Obesity Takes Heavy Toll on Knee Arthritis

More than 14 million visits were made to physicians' offices in 2008 by patients with knee problems. Five new studies presented at the 2011 Annual Meeting of the American Academy of Orthopaedic Surgeons (AAOS) look at the effect that obesity has on knee arthritis and a patient's ability to recover from knee surgery.

Does Obesity Cause Irreparable Damage To Knees Despite Weight Loss? One new study found that while weight loss via bariatric surgery may improve knee pain in obese patients with knee osteoarthritis, there may be permanent damage to the knee from being morbidly obese.

The investigation included 10 morbidly obese patients with knee osteoarthritis who were evaluated before and after bariatric surgery. Patients lost an average of 51 pounds in one year. One year after surgery, knee pain and function improved significantly.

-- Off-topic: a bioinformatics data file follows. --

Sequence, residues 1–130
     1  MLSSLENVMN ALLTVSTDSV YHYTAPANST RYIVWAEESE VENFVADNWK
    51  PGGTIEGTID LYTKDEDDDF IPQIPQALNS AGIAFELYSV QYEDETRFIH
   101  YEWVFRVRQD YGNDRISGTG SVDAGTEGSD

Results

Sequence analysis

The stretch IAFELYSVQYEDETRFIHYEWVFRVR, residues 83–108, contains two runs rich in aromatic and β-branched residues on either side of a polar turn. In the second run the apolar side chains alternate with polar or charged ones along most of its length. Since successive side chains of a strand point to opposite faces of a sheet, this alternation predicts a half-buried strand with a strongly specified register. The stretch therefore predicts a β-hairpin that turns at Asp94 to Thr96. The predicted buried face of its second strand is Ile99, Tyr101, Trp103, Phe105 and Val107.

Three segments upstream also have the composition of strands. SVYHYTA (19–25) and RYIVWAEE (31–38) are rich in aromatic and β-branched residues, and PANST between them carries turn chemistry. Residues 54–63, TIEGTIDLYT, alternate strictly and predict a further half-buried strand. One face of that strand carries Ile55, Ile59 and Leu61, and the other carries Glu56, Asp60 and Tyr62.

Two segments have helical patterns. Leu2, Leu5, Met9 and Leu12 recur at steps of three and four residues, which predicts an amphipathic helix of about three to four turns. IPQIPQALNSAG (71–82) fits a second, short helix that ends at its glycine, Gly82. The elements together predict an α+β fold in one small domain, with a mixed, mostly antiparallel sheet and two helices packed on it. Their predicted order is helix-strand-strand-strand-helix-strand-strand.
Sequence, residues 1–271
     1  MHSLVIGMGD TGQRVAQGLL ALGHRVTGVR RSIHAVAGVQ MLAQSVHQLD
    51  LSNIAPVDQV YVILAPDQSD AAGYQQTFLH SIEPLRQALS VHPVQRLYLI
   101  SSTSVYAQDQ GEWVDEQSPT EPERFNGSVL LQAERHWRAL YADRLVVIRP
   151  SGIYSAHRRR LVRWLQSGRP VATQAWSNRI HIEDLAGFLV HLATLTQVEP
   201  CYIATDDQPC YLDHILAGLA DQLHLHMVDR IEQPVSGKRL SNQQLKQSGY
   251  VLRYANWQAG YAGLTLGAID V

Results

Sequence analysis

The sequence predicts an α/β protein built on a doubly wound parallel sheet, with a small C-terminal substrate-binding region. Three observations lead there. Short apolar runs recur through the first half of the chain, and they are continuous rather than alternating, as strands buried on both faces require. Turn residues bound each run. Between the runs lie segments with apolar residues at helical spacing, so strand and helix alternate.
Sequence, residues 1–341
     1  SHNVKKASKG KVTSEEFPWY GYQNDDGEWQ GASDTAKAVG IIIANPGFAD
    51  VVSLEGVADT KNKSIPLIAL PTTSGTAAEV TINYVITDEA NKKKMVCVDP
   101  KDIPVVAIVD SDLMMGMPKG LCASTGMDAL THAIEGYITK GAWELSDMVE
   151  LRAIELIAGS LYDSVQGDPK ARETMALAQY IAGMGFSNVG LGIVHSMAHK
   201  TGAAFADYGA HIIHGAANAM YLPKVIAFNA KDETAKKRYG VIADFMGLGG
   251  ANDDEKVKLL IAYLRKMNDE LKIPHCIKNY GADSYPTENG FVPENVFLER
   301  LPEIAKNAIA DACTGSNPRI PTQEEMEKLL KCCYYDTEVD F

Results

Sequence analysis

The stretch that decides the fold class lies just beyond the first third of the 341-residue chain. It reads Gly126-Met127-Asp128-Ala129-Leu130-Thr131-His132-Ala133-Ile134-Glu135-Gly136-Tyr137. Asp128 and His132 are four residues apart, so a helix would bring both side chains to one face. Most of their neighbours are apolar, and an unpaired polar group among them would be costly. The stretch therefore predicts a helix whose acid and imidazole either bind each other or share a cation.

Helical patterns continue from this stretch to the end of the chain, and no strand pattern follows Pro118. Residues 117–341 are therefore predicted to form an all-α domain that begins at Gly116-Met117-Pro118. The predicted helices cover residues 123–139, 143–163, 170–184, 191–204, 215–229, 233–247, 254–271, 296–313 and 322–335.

"For a long time people felt there was nothing they could do to mitigate the debilitating effects of knee arthritis, but now we know that surgically-assisted weight loss is a way that folks can help themselves," says Michael S. Sridhar, MD, co-investigator and resident at Emory University. "However, there is probably some element of irreparable damage from being morbidly obese that may constrain the improvement in knee pain despite significant weight loss. Looking at the actual joint surfaces with advanced imaging to assess damage is the exciting next step in studying the evolution of knee arthritis in the obese population."

Source: American Academy of Orthopaedic Surgeons